The B1G Michigan rivalry between the Spartans (4-10-1) and Wolverines (7-9-1) took place for a third-place spot on day two at the Great Lakes Invitational. This is only the fifth time the teams are meeting for a third-place game in the tournament.
With 308 games total, Michigan has played more games against Michigan State than any other team in college hockey.
The Wolverines were the champions of the GLI last year, and were in search of their 58th win in their 94th GLI competition in the programs history.
Coming off of a loss last night to Michigan Tech, they are determined to still make a mark at the GLI. However, with a record of 57-35-1 all-time in the tournament, vowing for third place wasn’t quite what they were hoping for.
Michigan State fell to Western Michigan yesterday, solely from taking too many penalties and allowing for several shorthanded goals. The Wolverines take full advantage of their first power play against the Spartans, with a quick goal from Tony Calderone at 3:57. Lockwood rips one in just minutes later, this time at even strength, giving them a comfortable 2-0 lead.
Michigan State begins to find their rhythm as Carson Gatt finds Logan Lambdin alone toward Nagelvoort and Lambdin swings one into the upper 90 corner of the net, barely passing the goaltender’s helmet.
This has been a high-scoring game among the Wolverines and Spartans with already four goals in the first period as the Wolverine’s Alex Kile makes it three for Michigan. The amount of scoring could possibly be because of the goaltending switches made. Freshman goaltender John Lethemon is placed in the net to start the game for the Spartans, Minney fully dressed from the bench. The Wolverines also switched goalies from yesterday’s game, giving senior Zach Nagelvoort a chance to start over freshman Hayden Lavigne.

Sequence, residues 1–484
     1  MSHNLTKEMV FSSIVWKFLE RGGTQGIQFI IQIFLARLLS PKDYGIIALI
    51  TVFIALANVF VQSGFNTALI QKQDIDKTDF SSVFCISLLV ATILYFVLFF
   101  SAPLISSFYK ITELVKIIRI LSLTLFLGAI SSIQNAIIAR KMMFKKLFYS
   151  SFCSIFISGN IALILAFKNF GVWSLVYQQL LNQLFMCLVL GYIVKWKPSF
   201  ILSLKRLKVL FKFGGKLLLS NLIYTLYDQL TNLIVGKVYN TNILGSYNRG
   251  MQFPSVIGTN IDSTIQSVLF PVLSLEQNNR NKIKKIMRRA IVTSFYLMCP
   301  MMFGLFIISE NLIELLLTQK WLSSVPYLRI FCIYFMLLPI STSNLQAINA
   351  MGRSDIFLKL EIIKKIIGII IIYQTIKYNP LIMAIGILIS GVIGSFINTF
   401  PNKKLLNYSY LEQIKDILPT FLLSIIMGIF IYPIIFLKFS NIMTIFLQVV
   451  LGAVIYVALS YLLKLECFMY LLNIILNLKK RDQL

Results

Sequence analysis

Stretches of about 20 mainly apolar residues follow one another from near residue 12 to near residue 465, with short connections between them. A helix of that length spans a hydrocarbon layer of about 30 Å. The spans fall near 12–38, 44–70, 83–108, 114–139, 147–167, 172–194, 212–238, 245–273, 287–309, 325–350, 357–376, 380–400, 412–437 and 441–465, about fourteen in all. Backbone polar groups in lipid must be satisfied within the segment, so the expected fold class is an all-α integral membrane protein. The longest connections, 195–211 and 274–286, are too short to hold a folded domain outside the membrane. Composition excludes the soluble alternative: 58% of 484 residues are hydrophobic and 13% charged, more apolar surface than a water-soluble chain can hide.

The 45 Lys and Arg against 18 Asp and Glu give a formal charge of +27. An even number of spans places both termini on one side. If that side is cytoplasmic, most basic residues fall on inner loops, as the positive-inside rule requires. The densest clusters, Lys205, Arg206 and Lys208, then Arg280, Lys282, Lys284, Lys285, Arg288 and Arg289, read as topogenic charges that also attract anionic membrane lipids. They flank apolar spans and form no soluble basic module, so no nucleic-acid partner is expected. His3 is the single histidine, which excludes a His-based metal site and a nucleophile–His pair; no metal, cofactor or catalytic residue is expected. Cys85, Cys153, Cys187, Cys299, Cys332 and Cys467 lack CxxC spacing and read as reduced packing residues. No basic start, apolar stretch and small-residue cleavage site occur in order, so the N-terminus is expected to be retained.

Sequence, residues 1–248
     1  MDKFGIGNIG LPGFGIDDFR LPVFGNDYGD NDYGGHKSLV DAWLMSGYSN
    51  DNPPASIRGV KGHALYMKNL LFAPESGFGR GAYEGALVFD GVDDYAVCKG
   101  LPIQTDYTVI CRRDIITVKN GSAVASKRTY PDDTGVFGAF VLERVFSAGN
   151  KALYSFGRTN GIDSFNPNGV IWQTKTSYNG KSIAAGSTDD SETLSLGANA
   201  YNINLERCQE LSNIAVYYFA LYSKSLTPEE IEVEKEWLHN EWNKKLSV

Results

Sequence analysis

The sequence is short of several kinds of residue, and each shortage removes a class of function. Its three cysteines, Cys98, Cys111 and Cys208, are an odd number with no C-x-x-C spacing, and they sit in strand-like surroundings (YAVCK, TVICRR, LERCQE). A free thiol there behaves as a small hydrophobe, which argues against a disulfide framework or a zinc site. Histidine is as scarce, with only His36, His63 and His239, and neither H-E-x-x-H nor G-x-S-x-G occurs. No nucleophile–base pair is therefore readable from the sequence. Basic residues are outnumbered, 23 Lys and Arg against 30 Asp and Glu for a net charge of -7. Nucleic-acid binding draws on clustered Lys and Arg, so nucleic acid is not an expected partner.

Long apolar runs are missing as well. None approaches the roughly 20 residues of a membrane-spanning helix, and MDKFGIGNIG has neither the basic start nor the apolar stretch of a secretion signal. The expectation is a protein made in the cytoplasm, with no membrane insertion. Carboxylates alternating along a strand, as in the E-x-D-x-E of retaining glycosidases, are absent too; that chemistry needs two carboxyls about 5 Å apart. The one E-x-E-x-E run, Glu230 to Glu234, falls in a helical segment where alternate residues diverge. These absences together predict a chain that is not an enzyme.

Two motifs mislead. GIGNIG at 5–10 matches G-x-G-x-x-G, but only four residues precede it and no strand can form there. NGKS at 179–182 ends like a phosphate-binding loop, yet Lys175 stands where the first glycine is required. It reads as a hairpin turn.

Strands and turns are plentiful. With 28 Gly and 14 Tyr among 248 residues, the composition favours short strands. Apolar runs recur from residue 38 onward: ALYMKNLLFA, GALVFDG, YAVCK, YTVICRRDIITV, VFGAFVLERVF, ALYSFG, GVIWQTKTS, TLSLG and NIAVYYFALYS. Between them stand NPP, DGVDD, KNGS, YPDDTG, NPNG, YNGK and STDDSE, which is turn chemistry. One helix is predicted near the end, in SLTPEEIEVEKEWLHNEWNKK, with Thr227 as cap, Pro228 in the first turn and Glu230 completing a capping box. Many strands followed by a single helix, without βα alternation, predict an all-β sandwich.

The Spartans do seem to have more focus as the puck remains in the Wolverines end for the majority of the game, shots being fired frequently, just missing the net several times.
If anything kept Michigan ahead, it was its defense. The Spartans had several scoring opportunities, with several power plays, far more than the Wolverines, but could not get the puck past the defenders and into the goaltender zone. Nolan DeJong, Kevin Lohan, and Nicholas Boka have played strong and reliable roles for the Wolverines this game.
The Spartans start off the third period strong with a winning face-off that allows Osburn to find Mason Appleton deep in the Wolverine zone, and with a quick shot from Appleton just seven seconds in, the Spartans are back in the game.
The Spartans are on a roll; just a few minutes later, Villiam Haag passes it off to Connor Wood who finds Garson Gatt at the top of the box. Gatt rips one in past Nagelvoort, giving the Spartans a tighter trail at 4-3.
Michigan State has seemingly been outplaying the Wolverines the entire game; but passes need to connect better in the Wolverine’s zone if they want a chance at more scoring. Fortunately for Michigan State, Lethemon improves as the game goes on and turns into a brick wall in the third, stopping every shot that comes his way.
With just two minutes to go in the third, Michigan State’s Thomas Ebbing finds JT Stenglein and slots him a quick pass as Stenglein fires a shot past Nagelvoort, making it 4-4 for the remaining two minutes of the game.
Throughout overtime, the puck is equally possessed by both teams, Michigan attempting to make a comeback for being outplayed the entire third period. When it looks like a shootout will be held, Wolverine’s Calderone finds his way past Lethemon for his second goal of the game, securing the third place spot for Michigan with a final score of 5-4.